the mountains!

The Mountains!

They’re on the hill again. The two little boys I’d seen the day before who’d filled me with happiness by leaning out the back window of a Ford Taurus with their arms spread wide and exclaiming, “Look, Ma! The mountains!” But today they’re on motorized tricycles that, for being no more than four years old, they’re quite adroit at handling. They’re spinning furious circles on the blacktop, one behind the other, oblivious to the mountains they’d been so taken with yesterday. Their mother,young, attractive, sits on the hood of the car, smoking.

“Cute kids,” I call out from my open window over the whine of the tricycles, flourishing my own cigarette in a smoker’s bonding gesture. She looks over at me, smiles, and looks away again.

And then I remember the pogo stick in the trunk.

I get out of the car, startling the mother on the hood of the Taurus. I grin and skip back to the trunk, open it and pull out the pogo stick. I wave the thing over my head and the mother flicks her cigarette into the road. “Kids. Let’s go kids,” she calls.

They keep spinning.

I spring onto the pogo stick with the alacrity of someone who’s spent his life with the circus, my head filling with ancient lost memories, boinging around the center ring with the clowns, my sorrow painted over with a grease-paint smile, the children in the audience screaming and laughing. “Look, Ma! Look at the clowns!”

I’m bouncing high now. I bounce right over one of the kids. I’ve caught their attention. They stop circling, their motors idling, their faces somber, looking for a classification in their meager life’s experience into which they can fit me. They can’t come up with one, and they begin crying.

Their mother slips off the hood, yanks the kids off their tricycles, opens the back door of the Taurus and tosses them in. The riderless tricycles idle off until they bumped into a pine-wood fence.

I’m still on my pogo stick, bouncing higher than ever. I do a somersault in mid-air, land upright, and keep on bouncing.

“Look, kids!” I call, bouncing back and forth over the Taurus. “The mountains! What about the goddamn mountains?”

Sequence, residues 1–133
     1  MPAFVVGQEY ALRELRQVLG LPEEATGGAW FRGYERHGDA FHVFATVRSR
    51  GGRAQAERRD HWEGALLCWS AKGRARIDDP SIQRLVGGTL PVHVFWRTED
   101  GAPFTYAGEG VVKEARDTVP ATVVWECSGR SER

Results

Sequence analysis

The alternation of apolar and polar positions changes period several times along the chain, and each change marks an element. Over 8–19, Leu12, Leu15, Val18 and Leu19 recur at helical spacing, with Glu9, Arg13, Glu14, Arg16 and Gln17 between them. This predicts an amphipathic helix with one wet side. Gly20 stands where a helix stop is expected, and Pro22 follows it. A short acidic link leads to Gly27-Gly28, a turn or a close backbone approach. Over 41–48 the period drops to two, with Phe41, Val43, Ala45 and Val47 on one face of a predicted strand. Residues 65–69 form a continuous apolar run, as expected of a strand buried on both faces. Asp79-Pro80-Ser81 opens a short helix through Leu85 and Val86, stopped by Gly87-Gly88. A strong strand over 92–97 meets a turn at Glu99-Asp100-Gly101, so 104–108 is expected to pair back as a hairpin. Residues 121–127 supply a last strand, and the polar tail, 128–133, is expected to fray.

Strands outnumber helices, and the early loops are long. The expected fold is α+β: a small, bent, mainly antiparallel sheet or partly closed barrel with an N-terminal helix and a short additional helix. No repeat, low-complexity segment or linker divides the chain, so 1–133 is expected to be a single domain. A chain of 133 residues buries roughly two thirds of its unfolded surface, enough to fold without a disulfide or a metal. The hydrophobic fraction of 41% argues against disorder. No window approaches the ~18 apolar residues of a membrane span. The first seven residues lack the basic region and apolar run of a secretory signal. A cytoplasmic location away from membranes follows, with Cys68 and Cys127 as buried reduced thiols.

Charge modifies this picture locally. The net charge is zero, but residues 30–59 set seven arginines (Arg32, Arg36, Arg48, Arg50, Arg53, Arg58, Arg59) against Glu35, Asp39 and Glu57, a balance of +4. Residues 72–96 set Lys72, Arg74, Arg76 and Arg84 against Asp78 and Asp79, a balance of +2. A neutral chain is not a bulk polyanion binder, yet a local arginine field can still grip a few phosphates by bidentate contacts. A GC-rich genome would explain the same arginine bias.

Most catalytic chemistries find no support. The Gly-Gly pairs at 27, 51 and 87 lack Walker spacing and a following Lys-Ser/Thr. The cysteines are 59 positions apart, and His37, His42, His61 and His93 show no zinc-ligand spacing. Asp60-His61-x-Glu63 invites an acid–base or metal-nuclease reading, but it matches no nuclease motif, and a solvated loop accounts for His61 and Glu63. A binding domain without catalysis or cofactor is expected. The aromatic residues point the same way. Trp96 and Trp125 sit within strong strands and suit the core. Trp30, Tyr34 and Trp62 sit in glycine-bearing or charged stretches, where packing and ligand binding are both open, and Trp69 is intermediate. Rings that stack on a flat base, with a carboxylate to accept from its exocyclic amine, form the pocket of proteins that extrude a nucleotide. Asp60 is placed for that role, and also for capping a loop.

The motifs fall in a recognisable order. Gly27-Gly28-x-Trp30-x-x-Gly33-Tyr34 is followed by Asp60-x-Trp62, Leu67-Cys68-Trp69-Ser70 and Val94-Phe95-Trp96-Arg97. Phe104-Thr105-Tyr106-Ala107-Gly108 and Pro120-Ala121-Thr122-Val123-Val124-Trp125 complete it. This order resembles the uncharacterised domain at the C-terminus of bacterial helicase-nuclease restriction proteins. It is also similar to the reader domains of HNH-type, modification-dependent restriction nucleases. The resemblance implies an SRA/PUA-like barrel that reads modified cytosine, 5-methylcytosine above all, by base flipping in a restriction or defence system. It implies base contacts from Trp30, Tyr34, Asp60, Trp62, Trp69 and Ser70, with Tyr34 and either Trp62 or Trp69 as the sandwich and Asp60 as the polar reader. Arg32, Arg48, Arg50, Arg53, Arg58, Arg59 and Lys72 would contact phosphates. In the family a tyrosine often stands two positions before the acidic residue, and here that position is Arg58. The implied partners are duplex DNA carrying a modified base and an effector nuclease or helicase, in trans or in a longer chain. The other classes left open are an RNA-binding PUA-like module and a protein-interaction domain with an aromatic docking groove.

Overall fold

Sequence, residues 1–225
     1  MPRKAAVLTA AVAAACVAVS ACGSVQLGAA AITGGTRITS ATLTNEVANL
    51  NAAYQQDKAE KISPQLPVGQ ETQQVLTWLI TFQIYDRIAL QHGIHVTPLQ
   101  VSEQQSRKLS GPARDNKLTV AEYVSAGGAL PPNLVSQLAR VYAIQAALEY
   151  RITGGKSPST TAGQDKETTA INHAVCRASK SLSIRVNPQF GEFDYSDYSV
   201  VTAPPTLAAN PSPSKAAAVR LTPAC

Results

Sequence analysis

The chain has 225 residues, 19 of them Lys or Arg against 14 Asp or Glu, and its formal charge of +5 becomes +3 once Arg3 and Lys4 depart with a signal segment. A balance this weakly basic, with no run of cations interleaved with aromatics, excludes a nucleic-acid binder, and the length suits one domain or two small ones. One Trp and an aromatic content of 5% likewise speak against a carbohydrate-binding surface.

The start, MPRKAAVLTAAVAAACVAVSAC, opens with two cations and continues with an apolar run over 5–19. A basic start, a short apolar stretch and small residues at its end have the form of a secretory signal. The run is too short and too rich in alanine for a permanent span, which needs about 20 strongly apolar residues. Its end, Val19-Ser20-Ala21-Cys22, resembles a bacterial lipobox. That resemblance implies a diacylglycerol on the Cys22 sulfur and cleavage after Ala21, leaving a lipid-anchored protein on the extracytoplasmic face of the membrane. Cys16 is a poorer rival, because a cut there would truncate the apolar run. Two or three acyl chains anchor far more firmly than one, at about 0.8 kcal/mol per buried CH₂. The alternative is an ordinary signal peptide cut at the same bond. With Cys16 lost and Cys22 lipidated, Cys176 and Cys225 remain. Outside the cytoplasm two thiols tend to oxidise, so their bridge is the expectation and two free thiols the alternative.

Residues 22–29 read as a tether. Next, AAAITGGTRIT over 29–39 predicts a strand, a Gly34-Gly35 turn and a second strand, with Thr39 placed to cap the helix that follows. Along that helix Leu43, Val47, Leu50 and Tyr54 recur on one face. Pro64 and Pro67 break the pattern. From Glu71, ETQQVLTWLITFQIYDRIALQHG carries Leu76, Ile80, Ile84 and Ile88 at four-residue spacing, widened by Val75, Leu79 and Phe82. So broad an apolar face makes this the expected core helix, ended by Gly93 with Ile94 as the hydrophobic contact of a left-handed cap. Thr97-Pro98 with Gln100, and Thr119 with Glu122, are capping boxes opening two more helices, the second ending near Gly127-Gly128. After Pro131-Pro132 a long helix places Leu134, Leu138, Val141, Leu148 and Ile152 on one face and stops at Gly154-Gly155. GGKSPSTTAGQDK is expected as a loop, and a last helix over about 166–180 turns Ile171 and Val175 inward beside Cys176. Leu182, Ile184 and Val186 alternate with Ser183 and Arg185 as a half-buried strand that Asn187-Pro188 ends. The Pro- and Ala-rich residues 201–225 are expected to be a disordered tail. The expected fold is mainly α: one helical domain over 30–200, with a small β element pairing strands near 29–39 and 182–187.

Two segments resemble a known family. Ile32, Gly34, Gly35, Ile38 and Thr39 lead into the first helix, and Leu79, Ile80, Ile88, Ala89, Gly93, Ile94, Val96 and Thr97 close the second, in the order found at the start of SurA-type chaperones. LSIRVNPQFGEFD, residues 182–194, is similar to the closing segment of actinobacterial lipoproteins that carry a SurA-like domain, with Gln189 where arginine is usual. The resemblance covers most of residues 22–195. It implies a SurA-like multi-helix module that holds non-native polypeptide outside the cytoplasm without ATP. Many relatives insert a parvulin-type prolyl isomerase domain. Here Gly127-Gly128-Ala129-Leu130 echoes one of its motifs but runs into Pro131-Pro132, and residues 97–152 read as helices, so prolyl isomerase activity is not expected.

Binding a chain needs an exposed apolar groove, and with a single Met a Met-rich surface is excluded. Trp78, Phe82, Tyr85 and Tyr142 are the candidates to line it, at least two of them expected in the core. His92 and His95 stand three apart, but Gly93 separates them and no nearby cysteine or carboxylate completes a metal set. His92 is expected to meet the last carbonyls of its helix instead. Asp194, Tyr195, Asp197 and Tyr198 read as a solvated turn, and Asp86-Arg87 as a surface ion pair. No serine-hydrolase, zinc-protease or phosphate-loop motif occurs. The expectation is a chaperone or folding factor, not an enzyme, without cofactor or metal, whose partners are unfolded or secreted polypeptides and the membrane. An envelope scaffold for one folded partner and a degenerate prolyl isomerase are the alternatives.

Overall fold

The kids are screaming their lungs out, and their mother locks all the doors and goes for her cell phone.


I can hear the sirens in the distance, and then there they are, three squad cars with flashing red and blue lights, wailing up the one-way road the wrong way.

I clear the length of the first car and crash down on the hood of the second, hit ground in front of the third and go airborne again. But my stick catches on the windshield, and I roll along the roof, bounce off the trunk, and hit the asphalt.

I’m flat on my back with the wind knocked out of me and two cops approaching with drawn pistols. But before they reach me they’re knocked off their feet by two long-haired teenagers on skate boards who come to an abrupt halt on either side of me, hoist me up, and kick off with me between them, poised on their boards and gaining speed on the downhill grade.

“Stop!” I say. “I need to go back for my pogo stick!”

They ignore my request, and when I look over my shoulder, I see a phalanx of boys on skate boards coming up fast behind us. One of them has my pogo stick tucked under his arm.

I realize this is what becomes of small boys who never stop throwing their arms wide to the mountains, and that I’ve become part of the latest threat to Homeland Security.

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